North Park Towers-6
A shadow of power lines along the alley behind North Park Towers / Photo by Ariana Drehsler for Voice of San Diego

Even if the city of San Diego had to pay $6 billion to buy its power grid off San Diego Gas and Electric, the savings to ratepayers could eventually top $180 million over 30 years of the sale. 

That’s what a new study suggests.

Today, the city’s Environment Committee will hear results of an analysis by NewGen Strategies & Solutions, LLC hired to study whether a public takeover of the electric grid is possible – and what it might cost. NewGen studied two basic scenarios, assuming SDG&E would sell its grid at a price tag of $2 to $6 billion. But that’s a range SDG&E would likely dispute. 

“We remain confident that once the city has all the facts, they will again arrive at the same conclusion reached in 2021 when they approved the recent franchise agreement: a long-term partnership with SDG&E remains the best option,” said SDG&E spokesperson Anthony Wagner in an emailed statement. 

The NewGen report is just the first step in the public power pursuit. The city would eventually have to get permission from entities like the Local Agency Formation Commission, (which recently approved the divorce between water districts), the Federal Energy Regulatory Commission and the California Public Utilities Commission. The estimates on savings to ratepayers also don’t account for costs of an inevitable legal battle over municipalization or inflation. 

SDG&E makes money for its investors by building things like poles, wires and transformer stations. Proponents of public power argued that profit should instead be put toward lowering energy prices. San Diegans pay the highest electric rates in the continental United States. 

Catch up: After a contentious battle over whether the city should renew its franchise agreement with its investor-owned utility, San Diego eventually signed up for another 20 years with SDG&E. While that dashed public power proponents’ dreams of a full takeover of the local energy grid, a contingent of councilmembers swore to keep the option on the table and put money aside to study what’s called municipalization. 

U-T Cuts Coming to Light

The San Diego Union-Tribune building in downtown San Diego on July 10, 2023.
The San Diego Union-Tribune building in downtown San Diego on July 10, 2023. / Photo by Ariana Drehsler

NBC San Diego has the first list of reporters taking the buyouts the new owners of the Union-Tribune offered when they took over last week. MediaNews Group, the firm that purchased the newspaper, has also indicated that it may pursue involuntary reductions in staff as well.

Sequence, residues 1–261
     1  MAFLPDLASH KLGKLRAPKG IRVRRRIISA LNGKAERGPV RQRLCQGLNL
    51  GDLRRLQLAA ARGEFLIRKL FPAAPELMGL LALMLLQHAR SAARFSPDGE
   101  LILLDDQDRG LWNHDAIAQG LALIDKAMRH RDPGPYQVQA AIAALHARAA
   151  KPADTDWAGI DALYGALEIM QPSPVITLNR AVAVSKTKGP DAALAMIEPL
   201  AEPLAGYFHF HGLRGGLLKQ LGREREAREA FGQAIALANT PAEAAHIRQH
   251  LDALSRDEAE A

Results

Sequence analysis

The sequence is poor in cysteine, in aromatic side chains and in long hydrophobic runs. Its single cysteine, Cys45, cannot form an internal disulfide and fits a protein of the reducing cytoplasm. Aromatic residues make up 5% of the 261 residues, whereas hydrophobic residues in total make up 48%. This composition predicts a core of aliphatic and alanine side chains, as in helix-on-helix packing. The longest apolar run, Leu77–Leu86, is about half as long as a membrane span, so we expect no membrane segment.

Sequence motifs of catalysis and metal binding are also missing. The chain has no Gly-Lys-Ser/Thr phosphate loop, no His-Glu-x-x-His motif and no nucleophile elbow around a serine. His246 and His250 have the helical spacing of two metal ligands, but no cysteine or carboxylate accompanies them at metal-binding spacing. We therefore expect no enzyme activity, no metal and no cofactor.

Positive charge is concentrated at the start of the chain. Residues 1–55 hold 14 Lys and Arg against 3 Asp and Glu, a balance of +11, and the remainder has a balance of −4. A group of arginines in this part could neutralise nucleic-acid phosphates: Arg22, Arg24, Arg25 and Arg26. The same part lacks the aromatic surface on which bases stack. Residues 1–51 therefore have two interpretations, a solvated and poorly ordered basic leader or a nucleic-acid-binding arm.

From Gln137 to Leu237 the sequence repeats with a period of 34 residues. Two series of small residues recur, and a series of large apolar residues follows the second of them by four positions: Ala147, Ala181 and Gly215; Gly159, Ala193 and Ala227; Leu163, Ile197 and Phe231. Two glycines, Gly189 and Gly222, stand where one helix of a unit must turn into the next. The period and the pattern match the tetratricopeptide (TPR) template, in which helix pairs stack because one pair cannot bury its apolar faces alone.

The initial list of people taking the buyouts include longtime courts and investigative reporter Greg Moran, photo editor, and Voice alum, Sam Hodgson, editor Dana Littlefield, columnist Diane Bell and reporters Gary Warth, Joshua Emerson Smith and Deborah Brennan. 

The NBC story goes in-depth on the buyers of the newspaper and things like how difficult the decision to take the buyout was for some staff members. 

Warth gave some perspective on how the cuts over the last 14 years have affected him and the coverage the paper offered. 

“I used to cover a school district. And then I covered a region of school districts. And then I covered half the school districts in North County. And then I covered all the school districts in North County. And then I covered all the school districts in San Diego County. Plus the colleges,” he said. 

Fletcher’s Accuser Said Agency Offered Belated, $10,000 ‘Severance’

MTS headquarters at the 12th and Imperial trolley station. / File photo by Adriana Heldiz
MTS headquarters at the 12th and Imperial trolley station. / File photo by Adriana Heldiz

The woman who accused former County Supervisor Nathan Fletcher of sexual harassment and assault has amended her lawsuit (CBS8) to include the detail that the day after she was fired, in February, the agency’s director of human resources offered her a $10,000 severance agreement.

Things to consider: Severance agreements are usually presented the moment an employee is terminated. Offering it the next day seems strange. 

The complaint is here. It implies also that MTS specifically included in the severance agreement a requirement that the accuser, Grecia Figueroa, not disparage Fletcher or MTS. It’s not uncommon for severances to have clauses like that but if it did specifically mention Fletcher, that’s a big deal: It would mean MTS knew that Fletcher was being accused of improper behavior by Figueroa as early as the day after her firing. 

Before this, we only knew the agency was informed when Figueroa sent a claim to MTS and Fletcher about 10 days after her firing.